Let’s say we are happy together with our family in the woods, a sense that feels unfamiliar to us both. Let’s say we are the type of moms who go hiking with their babies in backpacks, panting up the side of a hill. Let’s say we are so wholesome we bake pies together on Sunday. Once our kids are old enough, they help us measure out the butter and lard, the flour and salt. You build a stool for them to stand on so they can reach the kitchen counters. You find miniature rolling pins, light enough for small child hands to grasp and roll tiny circles of dough. We fill the dough circles with apples and cinnamon and sugar and sing while we wash the dishes. We eat our miniature pies with a scoop of vanilla ice cream and watch the leaves drop outside our kitchen window.
It is in our cabin in the woods that my nervous system (and yours) can finally release. I journal in the mornings and weep while our children play in the dirt. We bury seeds in the ground and watch them sprout. Our children show you our daily progress when you arrive home in the evening. You call your sister and tell her to come visit. You want to share with her our hideaway.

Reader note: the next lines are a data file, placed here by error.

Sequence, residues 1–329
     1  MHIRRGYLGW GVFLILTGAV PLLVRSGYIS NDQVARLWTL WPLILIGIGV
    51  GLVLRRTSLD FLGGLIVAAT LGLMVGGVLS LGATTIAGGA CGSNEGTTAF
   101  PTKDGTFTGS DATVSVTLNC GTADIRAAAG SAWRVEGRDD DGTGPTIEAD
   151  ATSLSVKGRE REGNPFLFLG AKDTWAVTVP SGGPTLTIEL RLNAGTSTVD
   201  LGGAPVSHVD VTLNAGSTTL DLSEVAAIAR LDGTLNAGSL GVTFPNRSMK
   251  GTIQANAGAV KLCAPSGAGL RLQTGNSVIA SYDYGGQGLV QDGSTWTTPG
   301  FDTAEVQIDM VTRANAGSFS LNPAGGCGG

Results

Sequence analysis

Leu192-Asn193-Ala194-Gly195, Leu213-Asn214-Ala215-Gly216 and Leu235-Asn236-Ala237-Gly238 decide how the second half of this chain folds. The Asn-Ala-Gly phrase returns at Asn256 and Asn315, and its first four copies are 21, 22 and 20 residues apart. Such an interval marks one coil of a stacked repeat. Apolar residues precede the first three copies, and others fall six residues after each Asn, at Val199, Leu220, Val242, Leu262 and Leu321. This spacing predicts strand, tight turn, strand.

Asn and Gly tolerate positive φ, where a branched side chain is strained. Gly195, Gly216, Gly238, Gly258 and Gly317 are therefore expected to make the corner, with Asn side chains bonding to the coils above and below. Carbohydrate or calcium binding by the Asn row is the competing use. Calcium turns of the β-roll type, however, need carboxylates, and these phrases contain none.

There are daily mistakes in our daily love. We are women but that doesn’t mean we know how to communicate with each other. You hide away your sadness until it bubbles up and drowns us both. I tell you about my sadness until you press your fingers into your ears. I coddle the children and you let them light things on fire.
When she was ten, your mother’s mother cut off her long blond hair with her mother’s sewing scissors. Her grin, triumphant, as she admired her new look in the dirty bathroom mirror. Now, she could pass for a boy. When your great-grandmother returned from the store, she held the sewing scissors by the closed blades and struck your grandmother across the face with the hard metal handles. Your mother’s mother tried not cry. Your mother’s mother learned how to be a woman.